Back on the Blog
River’s End is mostly complete. It’s not much of a game, but it is a very relaxing experience. It just needs some polish, a few new graphics systems, and a little more content and it’ll be ready to go. However, I don’t know yet how or if I can distribute it, so understandably, my enthusiasm for the project has waned somewhat.
To avoid the issue for my next project, my focus will be on game design. And I’d like to be inclusive though my blog or through the XNA.com forums on how I reach my design decisions – both technical and creative.
River’s End was a superb way for me to familiarize myself with the shortcomings of a tech-driven design. As I began to ramp up to my next project, I was very near the same mistake, but I was fortunate enough to have colleagues and friends who could comment on early problems and identify another possible false start.
So I began to study the subject of general game design. Like any good research topic, trying to assimilate the greater body of game studies is truly epic amounts of work. One of the major problems is a seeming lack of clear goals, or at least, shared goals on the part of the leading academics. Game Theory seems to me a strictly academic pursuit, but it contains nuggets of wisdom that transcend its specific focus. Game Studies appear to focus on the impact or rationalization of games.
On the other side of the Game Design coin is the practitioner’s approach. This is the domain of designers like Noah Falstein and Marc LeBlanc. There are the contributors to books like Game Design Perspectives and Game Design Anthology. Some of these are unyielding rules about what makes a game enjoyable. One extreme example of these approaches is the 400 Project. Others are general guidelines to encourage new thinking about game design.
There’s more too – far more. There are almost as many ways of talking about game design as there are game designers.
I’ve thought critically about aspects of the problem, and like so many sideliners before me, I have come up with my own addition to this theoretical stew, which I will call a Formal Game Design Model for lack of a more discrete term. My fundamental goal is to make something that makes my games more fun. I refined the difficult tasks to three goals for a design model. My goals for a model are to:
Refine game designs by identifying, isolating, and surfacing all specific aspects of a game’s end-to-end experience.
Evaluate game designs by understanding the interplay of game systems and their impact on the overall experience.
Inspire new features or game elements to establish goals earlier in the process.
The model I developed is called “A Domain Model for Game Design” or Domain Model for short. I have identified 8 domains that are common to all computer and video games, and even many board and card games. Each domain is describes an aspect of a game that ultimately influences a player’s enjoyment of the game. The essential quality though is that the model’s static component is the domains themselves. The dynamic part is the interactions between domains, which, I’m finding are highly regular.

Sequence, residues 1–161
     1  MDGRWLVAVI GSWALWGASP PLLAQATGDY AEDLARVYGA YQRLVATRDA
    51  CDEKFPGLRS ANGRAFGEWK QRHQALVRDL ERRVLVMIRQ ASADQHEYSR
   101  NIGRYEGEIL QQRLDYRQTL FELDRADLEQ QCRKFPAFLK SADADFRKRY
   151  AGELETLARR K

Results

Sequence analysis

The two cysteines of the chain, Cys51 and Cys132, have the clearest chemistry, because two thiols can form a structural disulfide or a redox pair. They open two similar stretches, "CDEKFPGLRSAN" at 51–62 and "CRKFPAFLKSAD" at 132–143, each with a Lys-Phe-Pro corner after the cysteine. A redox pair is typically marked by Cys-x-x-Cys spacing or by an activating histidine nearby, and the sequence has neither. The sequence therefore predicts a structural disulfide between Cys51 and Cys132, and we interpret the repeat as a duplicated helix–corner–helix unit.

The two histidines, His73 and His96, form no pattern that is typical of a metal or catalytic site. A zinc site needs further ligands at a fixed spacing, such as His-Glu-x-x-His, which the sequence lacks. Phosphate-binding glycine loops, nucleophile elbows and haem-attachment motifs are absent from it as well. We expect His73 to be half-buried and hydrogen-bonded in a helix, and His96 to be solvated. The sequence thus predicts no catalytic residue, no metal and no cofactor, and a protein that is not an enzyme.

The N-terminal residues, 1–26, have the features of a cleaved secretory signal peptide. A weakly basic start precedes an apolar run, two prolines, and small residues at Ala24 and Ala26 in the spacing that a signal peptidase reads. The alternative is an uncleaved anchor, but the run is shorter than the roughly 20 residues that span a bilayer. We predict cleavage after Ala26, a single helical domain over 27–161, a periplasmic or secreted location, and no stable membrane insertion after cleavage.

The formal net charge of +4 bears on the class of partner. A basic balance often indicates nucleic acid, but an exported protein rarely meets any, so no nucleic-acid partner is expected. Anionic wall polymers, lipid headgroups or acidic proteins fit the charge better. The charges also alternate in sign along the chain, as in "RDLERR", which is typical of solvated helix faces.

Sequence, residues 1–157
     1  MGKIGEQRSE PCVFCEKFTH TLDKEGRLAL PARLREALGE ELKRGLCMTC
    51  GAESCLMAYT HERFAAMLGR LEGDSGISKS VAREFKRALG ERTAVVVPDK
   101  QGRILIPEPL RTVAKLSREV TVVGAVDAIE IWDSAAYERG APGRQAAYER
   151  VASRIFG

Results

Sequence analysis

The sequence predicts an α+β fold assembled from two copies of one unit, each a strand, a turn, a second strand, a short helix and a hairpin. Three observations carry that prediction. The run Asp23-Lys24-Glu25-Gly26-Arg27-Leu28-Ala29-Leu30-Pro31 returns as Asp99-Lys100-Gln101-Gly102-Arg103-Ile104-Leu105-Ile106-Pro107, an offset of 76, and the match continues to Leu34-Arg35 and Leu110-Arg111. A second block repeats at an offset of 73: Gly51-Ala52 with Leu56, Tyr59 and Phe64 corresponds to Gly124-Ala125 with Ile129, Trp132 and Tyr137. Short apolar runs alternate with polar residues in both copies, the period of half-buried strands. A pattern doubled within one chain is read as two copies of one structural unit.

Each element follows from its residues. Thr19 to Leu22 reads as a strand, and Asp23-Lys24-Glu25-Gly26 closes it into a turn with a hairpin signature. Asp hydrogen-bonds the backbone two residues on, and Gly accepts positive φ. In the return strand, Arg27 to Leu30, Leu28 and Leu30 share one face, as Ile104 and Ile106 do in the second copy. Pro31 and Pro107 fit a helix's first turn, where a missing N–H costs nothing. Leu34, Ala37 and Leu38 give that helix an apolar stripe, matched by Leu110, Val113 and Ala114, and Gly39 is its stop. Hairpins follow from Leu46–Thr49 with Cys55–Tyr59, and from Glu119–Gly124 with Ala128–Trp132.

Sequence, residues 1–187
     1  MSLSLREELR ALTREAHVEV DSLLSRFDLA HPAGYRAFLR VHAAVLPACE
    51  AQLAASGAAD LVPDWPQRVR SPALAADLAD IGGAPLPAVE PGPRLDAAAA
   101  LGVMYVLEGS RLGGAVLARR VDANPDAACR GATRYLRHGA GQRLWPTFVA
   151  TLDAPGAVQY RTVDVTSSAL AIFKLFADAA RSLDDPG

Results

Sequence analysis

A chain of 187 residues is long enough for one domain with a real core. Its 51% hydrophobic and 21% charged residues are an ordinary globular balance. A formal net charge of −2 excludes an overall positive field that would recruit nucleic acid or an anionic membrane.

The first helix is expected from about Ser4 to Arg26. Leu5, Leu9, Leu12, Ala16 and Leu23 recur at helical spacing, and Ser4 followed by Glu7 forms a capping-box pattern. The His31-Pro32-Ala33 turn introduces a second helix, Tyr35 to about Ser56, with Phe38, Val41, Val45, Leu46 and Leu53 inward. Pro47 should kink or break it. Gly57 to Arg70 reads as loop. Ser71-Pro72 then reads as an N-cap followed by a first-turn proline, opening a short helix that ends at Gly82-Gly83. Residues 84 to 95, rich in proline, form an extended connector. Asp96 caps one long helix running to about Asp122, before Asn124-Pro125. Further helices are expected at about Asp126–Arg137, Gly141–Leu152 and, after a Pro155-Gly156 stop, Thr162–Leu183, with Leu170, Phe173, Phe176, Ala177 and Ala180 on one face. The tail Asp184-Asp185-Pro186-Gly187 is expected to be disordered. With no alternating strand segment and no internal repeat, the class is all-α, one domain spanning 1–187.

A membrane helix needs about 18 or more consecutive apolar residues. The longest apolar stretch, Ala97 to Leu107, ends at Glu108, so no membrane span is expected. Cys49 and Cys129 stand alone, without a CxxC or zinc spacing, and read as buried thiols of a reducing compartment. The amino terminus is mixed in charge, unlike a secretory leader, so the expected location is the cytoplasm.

There are lots of ways to use the model, but let me give a quick example. The Domain Model includes a domain called “Response” which deals with the display of information to the player that informs their choices. The Response domain interacts strongly with the “Presentation” domain, which covers aesthetics and art design for a game. Here we can begin to identify areas that are contentious in the design of your game. Following this example, you might identify aspects of the in-game artwork that makes the UI in the response domain untenable.
This probably sounds like common sense, and much of it is. The formalism may seem unnecessary and that it may stifle creativity. However, I don’t see the model as a template or specification mechanism for game design. I see it as a tool for doing the three things I identified above.
Now, those of you who have read up on this subject may have already seen a striking similarity between this model and the MDA approach by Hunicke, LeBlanc, and Zubek. I developed the groundwork and the core principles of my model before ever reading about MDA, and I was both surprised and pleased that my system mirrored so many of ideas presented in that paper. Of particular interest are the interactions between Mechanics, Dynamics, and Aesthetics as the essential part of the iterative processes described by the system. However, my focus is on more discrete “parts” of a game, and an idea of strong and weak interactions between domains. Domain Model’s goals are similar, but I’ve chosen a slightly different attack vector.
I can’t presume to have the authoritative background any of the authors of MDA have, and as such, I would never say that it’s right for everyone. I plan to offer it “as-is”, another tool for a designer’s toolkit, and nothing more. I’ll be vetting this model with my next game project, and I plan to provide case studies that show how several different games can be evaluated with the model. I’m a technology worker, not a professional designer with decades of experience, so everything I write must be approached as such.
In the coming months I plan to talk more about the model as I refine the concepts. I’d like to present it as a paper initially. This is largely something I’m working on for my own hobby game projects, but in the off chance that anybody may find this useful, I’d like it to be generally available. Perhaps someone out there struggling with a game that just isn’t fun might find ways to improve their title using the little bit of structure I’ll provide in the Domain Model.